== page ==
CASE I: N2018-0119 (JPC 4153147)



Adult, female, Sambava tomato frog (Dyscophus guineti)



This Sambava tomato frog was found dead during routine morning rounds with no adverse clinical history.


Gross Pathology:

Extending from the rostral maxillary mucosa of the left internal naris is an approximately 3 mm thick x 2 mm diameter, pink and smooth mass.


Laboratory results:

No laboratory findings reported.


Microscopic Description:

Extending from two representative sections of the left maxillary oral mucosa is an unencapsulated, variably well-demarcated, exophytic, and moderately cellular mass composed of two distinct populations of epithelial and mesenchymal cells forming multiple tooth-like structures (denticles) embedded within a pre-existing stroma. Denticles range from 50 to 250 microns in diameter and are composed of a combination of eosinophilic, homogenous to fibrillar material (dentin), palisading epithelium with apical nuclei and basilar cytoplasmic clearing (odontogenic epithelium; ameloblasts), and proliferating mesenchymal cells with small and hyperchromatic nuclei (odontoblasts). Central arcs of dentin are frequently lined by ameloblasts along their convex surface and odontoblasts along their concave surface. No mitoses are identified, and anisocytosis and anisokaryosis are minimal. Rare individual lymphocytes and plasma cells multifocally infiltrate the mass.


Contributor's Morphologic Diagnoses:

Gingival mass: Odontoma, compound type

Contributor's Comment:

Odontomas are odontogenic tumors with variably organized dental elements; they are designated as complex or compound based on how closely they parallel tooth embryogenesis. Familiarity with normal early tooth development is thus essential in accurate classification of odontomas, in addition to odontogenic lesions in general.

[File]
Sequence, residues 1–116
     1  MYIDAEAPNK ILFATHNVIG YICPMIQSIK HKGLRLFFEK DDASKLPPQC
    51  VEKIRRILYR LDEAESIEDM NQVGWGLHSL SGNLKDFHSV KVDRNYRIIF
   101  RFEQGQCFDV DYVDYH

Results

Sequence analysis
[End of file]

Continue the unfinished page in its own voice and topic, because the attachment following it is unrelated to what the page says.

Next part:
Two tissue types are involved in mammalian odontogenesis: odontogenic epithelium and ectomesenchyme. The process initiates as ectoderm-derived oral epithelium extends into underlying connective tissue, forming a bud of epithelium referred to as the dental lamina (bud stage).8 As the dental lamina expands, it induces adjacent neural crest-derived ectomesenchyme to proliferate and differentiate into the dental papilla, which organizes along a concavity of the dental lamina and is the future source of dental pulp and odontoblasts (cap stage). Next, a bell-like structure forms from continued proliferation of oral epithelium, which differentiates into the enamel organ, composed of central stellate reticulum, inner ameloblasts and stratum intermedium, and outer ameloblasts (bell stage). The underlying ectomesenchyme condenses and forms a dental follicle; the precursor to the periodontal ligament. As time progresses, production of dental matrix begins by differentiated odontoblasts of the dental papilla, which produce predentin that calcifies to dentin. This then leads to the crown stage, where ameloblasts produce overlying enamel.


Complex odontomas are characterized by disorganized conglomerates of odontogenic epithelium, ectomesenchyme of the dental papilla, and dental hard substances (dentin and enamel). Compound odontomas form distinct, tooth-like structures called denticles, where the order of tissues in tooth embryogenesis is generally maintained.6 A combination of compound and complex structures often exists within a single tumor.7 Odontomas are uncommon in veterinary species, despite being the most common odontogenic tumor reported in humans, especially children and young adults.11 They occur most frequently in young dogs and horses, with fewer case reports in other species.2,4,7 Associated clinical signs generally include unilateral swelling of the face or mandible and displacement of teeth. Although generally benign, they can be locally destructive. Complete surgical excision is typically curative.9


Recently, odontomas were reported in three frogs: a Sambava tomato frog (also known as a false tomato frog [Dyscophus guineti]), an African clawed frog (Xenopus laevis), and a tomato frog of undetermined species.5 The tumor extended from the maxillary gingiva in all three cases, as occurred in this case. Histologically all tumors formed orderly denticles with ameloblasts, dentin, and odontoblasts, characterizing them as a compound subtype. In one case, the frog was euthanized due to the presence of the odontoma and the outcomes of the remaining two were unknown (lost to follow-up).